The following is an excerpt from my article “Welcome Home, Soldier” which appears in the November issue of St. Anthony Messenger.
What are some of our warriors’ spiritual struggles? Many struggle with the why? question: Why did I survive and my friend didn’t? I recall the anguish of a man who did not go on a mission because of being sick. His friend took his place and died in an IED explosion, sitting in the exact spot where the young soldier would have been. He is haunted by the thought It should have been me in that seat.
Some soldiers who ask why are trying to make sense out of senseless horror. Maybe they saw children run over trying to avoid a landmine. Maybe they watched a friend by burned alive in a flaming vehicle. “How can a loving God permit such things?” one soldier asked.
Then there are those soldiers who come back from combat no longer believing in God. As one man told me, “After what I’ve seen and done, the idea of God just doesn’t work anymore”.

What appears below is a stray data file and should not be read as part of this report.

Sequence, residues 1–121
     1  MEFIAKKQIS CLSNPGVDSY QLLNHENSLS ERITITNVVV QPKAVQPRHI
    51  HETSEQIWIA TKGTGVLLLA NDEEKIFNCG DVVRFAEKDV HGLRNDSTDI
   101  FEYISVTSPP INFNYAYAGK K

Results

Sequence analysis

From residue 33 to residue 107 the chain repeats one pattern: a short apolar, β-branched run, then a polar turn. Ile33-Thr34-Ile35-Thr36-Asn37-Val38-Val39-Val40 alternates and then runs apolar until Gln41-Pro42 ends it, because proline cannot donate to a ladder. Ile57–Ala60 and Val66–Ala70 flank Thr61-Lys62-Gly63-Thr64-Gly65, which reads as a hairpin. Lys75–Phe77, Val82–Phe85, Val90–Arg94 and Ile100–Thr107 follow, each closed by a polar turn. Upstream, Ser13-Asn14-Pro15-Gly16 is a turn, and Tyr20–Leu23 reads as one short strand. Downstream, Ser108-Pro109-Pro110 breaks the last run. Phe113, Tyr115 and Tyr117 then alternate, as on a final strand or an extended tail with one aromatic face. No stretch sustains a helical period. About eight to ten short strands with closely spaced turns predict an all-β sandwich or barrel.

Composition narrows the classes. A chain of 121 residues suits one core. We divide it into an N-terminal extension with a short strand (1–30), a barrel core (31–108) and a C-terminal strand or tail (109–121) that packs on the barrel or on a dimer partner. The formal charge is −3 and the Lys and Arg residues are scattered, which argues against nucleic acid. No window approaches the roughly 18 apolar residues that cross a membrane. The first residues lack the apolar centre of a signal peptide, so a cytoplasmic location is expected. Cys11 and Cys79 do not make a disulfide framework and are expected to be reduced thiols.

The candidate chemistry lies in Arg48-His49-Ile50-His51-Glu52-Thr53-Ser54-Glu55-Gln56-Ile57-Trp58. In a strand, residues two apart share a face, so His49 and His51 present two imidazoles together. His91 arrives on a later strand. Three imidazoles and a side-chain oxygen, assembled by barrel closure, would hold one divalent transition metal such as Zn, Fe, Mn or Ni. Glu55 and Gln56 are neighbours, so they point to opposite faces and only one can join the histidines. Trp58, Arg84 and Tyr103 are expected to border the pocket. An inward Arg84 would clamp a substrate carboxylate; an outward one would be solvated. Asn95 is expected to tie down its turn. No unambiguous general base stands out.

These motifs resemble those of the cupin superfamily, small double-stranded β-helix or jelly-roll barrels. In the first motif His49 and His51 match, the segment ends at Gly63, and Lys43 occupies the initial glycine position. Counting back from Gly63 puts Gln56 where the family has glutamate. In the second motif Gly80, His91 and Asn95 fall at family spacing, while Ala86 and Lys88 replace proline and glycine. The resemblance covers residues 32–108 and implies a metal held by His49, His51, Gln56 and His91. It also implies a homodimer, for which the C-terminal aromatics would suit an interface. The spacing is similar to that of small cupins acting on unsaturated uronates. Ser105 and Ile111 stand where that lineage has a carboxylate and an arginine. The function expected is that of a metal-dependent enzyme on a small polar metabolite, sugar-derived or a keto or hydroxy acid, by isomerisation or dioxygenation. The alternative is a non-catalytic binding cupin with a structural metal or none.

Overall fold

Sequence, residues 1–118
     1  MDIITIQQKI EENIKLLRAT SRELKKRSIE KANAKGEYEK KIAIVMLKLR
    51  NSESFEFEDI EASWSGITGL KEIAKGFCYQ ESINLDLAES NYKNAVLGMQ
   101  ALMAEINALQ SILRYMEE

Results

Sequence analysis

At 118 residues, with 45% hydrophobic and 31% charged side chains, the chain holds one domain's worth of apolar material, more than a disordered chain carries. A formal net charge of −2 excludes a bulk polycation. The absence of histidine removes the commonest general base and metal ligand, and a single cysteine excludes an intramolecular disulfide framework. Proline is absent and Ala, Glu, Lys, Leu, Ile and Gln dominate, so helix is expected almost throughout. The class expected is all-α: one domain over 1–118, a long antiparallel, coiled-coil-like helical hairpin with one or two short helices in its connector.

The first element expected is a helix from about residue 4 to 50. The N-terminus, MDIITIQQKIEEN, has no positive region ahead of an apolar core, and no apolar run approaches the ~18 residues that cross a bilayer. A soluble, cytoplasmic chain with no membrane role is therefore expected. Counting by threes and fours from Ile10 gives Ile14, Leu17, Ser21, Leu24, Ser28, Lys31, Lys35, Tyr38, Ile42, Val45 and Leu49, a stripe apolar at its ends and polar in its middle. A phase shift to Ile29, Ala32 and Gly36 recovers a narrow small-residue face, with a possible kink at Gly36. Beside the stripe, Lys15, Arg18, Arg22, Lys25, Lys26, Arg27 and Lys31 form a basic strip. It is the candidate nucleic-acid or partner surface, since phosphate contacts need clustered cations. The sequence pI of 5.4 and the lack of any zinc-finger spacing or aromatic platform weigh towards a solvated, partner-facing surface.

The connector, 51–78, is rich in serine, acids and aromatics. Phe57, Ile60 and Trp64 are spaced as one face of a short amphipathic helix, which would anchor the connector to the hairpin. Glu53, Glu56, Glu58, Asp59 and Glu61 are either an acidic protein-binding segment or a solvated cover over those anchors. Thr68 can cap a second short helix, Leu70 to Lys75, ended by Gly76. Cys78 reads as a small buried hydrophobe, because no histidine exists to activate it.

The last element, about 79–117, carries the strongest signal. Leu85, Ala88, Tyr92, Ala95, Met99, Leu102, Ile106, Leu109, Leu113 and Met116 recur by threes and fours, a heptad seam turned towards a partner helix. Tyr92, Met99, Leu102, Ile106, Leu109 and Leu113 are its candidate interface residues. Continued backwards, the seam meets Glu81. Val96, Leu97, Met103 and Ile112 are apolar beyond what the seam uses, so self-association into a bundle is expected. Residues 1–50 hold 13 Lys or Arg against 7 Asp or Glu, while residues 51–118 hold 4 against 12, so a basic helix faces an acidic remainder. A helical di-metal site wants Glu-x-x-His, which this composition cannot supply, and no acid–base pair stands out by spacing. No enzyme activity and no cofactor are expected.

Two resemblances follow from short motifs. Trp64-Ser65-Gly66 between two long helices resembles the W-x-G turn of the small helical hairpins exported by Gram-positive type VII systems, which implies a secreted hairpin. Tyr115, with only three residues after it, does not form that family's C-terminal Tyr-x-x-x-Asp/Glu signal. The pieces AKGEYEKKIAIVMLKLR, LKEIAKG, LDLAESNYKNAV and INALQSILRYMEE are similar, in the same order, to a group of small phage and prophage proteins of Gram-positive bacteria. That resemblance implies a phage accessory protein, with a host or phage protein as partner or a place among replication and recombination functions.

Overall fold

Not every soldier lost his or her faith on the battlefield. Some found it. Others drew upon that faith to get them through both war and its aftermath. One man whom I deeply respect summed it up for me as I expressed concern about how he was doing. He looked at me, patted my shoulder, and said “As long as I have my Bible and a good friend I can talk to, I’ll be OK.”
Such straightforward clarity, given what this man has been through is truly humbling for someone such as I who spends a lot of time arguing with and questioning God.
So I encourage everyone to reach out to these wounded warriors. help them feel welcome. Help them feel there is a place for them in your spiritual community. If they indicate a desire to talk, take the time to listen to their spiritual struggles. Just listen; don’t try to fix. This will be a far more meaningful way of saying “Thank you for your service.”
Further reading: If you would like to receive a copy of the full article, send me your address at RichP45198@aol.com. Put “Article” in the subject line.